butterfliesinmytummy Wed 30-Apr-14 03:11:27

Ok countries (never written a list).....
I went abroad (France and Spain) for a year working and studying during my degree and was offered a job by my employer when I graduated. Starting on graduation:
1995 Paris 4 years (met dh)
1999 Singapore 8 months
1999 Azerbaijan 18 months
2000 Dubai 3 months (the day our shipment arrived, we had notice to move on)
2000 Singapore 1 year
2001 Spain 6 months
2001 Paris (got married there) 1 year
2002 Aberdeen (had dd1) 4.5 years
2008 Singapore 5 years
2013 Houston

I guess we did most of our moving before we had kids, we both worked hard, moved quickly with a couple of boxes and lived well, mostly due to good expat packages and double incomes. Love love love Paris, it's my soul city (if that exists) but not suitable to live there as I would like to with young dcs. Plan to retire there. Azerbaijan was a total blast, totally illogical but an amazing insight into a really different culture, lovely people and stunning countryside. Not keen on Dubai (too much bling and double standards). My choice with school age kids would be USA or singapore, due to language issues, quality of education and medical care and also probably because we know them. They are also very accepting of other cultures, which is something that we want our dcs to be, both as expats and people. It's half the point of living overseas.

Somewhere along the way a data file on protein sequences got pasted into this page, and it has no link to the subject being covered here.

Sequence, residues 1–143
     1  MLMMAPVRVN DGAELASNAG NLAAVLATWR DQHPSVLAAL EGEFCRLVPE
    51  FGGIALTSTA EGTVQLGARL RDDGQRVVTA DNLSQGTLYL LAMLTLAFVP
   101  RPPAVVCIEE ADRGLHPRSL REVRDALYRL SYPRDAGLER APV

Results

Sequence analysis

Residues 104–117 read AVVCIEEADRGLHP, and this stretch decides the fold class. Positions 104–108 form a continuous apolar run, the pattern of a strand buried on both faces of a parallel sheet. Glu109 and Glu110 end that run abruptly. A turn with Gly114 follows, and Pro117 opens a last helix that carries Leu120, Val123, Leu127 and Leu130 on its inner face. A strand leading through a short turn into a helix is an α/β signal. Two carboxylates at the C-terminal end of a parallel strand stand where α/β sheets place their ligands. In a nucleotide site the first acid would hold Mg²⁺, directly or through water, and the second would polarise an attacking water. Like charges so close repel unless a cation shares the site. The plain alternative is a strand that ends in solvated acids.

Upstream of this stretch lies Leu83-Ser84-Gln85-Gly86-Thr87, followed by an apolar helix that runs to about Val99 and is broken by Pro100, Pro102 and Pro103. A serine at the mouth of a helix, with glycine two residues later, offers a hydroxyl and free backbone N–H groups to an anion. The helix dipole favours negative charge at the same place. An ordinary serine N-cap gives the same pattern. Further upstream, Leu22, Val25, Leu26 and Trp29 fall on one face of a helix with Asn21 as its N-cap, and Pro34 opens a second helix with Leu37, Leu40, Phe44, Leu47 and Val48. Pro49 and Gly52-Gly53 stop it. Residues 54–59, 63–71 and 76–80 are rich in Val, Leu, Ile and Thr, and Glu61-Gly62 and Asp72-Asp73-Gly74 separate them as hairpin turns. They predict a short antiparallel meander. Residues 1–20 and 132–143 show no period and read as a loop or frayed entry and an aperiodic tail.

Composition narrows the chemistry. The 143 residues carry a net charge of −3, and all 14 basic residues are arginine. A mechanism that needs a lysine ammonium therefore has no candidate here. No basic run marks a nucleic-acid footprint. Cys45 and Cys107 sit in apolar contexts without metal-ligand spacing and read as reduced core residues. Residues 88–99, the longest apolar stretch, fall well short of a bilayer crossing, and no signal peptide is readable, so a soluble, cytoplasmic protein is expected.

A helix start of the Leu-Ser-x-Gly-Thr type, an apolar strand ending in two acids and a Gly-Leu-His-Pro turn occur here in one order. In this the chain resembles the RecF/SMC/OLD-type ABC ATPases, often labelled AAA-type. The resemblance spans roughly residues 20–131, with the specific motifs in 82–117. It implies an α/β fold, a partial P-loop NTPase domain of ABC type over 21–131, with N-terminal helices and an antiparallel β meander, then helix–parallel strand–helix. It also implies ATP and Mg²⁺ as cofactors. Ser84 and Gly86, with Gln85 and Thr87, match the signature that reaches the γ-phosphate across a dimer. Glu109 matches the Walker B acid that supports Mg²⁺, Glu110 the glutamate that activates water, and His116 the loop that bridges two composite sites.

Sorry again for hijacking your thread op, should have started another one but wanted to stay on the same thread as pupsie's question.

pupsiecola Wed 30-Apr-14 20:03:49

Wow Butterflies. Thanks for the list! You have been around. What strikes me is the number of short moves pre Aberdeen (coinciding with pre-kids I see!). You have must seen many changes in Singapore in the 15 years since you first went!

I love Paris.

(Yes, sorry OP for leading your post astray!).

bbkl Wed 30-Apr-14 21:16:18